Men with Prostate Cancer More Likely To Die From Other Disease
Researchers have found that men who have been diagnosed from prostate cancer are less likely to die from prostate cancer and they are more likely to die from heart disease. Wikimedia Commons

Scientists from the University of Liverpool have discovered a protein present in prostate cancer cells that can be used as a marker to detect early signs of the disease, according to a new report.

Scientists noticed the protein while examining a unique sequence of a gene that produces a protein in prostate cancer cells.

The gene that controls aggressive behaviour of prostate cancer cells is now found to be producing the protein that could be responsible for changing the behaviour of the cells.

"We've identified a sequence of the PRKCZ gene in prostate cancer cells that is expressed independently from the normal version, and the protein produced by this gene contains a unique active region," Cancer Research UK quoted Professor Chris Foster, researcher at the University of Liverpool.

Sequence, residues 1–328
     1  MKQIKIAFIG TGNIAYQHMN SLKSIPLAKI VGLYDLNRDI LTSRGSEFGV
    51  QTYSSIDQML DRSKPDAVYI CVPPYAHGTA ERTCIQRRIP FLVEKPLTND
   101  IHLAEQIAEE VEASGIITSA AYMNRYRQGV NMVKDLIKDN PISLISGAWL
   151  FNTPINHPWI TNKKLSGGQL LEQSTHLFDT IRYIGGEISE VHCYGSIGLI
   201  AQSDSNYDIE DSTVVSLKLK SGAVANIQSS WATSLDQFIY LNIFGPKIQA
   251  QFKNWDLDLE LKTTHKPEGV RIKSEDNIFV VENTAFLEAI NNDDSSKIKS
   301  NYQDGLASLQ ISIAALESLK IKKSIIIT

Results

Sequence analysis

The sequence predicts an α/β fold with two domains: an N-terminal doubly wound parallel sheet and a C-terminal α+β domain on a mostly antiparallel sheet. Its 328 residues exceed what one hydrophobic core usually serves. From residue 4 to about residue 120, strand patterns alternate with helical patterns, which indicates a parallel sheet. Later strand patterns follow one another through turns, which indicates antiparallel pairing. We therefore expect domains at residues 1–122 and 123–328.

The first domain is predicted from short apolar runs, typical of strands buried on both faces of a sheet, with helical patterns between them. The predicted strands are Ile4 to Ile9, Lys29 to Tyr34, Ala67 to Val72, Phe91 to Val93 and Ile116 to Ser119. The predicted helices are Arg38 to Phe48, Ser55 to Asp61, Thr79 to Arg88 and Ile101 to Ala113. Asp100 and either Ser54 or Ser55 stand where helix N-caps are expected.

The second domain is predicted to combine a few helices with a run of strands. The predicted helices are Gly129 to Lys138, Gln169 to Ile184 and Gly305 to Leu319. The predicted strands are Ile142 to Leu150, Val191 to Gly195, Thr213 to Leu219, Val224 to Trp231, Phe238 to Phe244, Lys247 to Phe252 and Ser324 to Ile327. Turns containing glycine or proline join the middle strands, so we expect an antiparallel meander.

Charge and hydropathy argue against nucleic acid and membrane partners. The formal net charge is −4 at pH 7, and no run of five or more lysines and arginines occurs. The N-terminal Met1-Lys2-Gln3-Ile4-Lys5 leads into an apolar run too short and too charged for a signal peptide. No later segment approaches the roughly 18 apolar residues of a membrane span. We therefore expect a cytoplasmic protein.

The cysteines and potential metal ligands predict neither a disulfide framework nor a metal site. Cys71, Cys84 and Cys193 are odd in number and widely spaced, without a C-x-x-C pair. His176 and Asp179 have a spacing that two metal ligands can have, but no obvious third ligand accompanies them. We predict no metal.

"We now need to discover what role this protein is playing in prostate cancer. If it encourages aggressiveness in the disease then we may be able to develop new drugs that reduce its effects," he added.

Prostate cancer is the most common cancer in men. It is the most common cause of death from cancer in men over age 75 but rarely found in men younger than 40.

In 2009, nearly 40,841 men in the UK were diagnosed with prostate cancer and at least 10,721 men in the country died from prostate cancer in 2010.

Over the past 40 years prostate cancer rates in Great Britain has tripled. In the 1970s around three in ten men diagnosed with prostate cancer survived their disease beyond five years, now it's more than eight in ten are diagnosed with prostate cancer.

The findings of this study may provide a new approach to treat men with aggressive forms of prostate cancer, for which there is no treatment currently available.

"This study highlights how genetically complex cancers are and shows we need to understand and use this knowledge to treat them successfully," said Foster.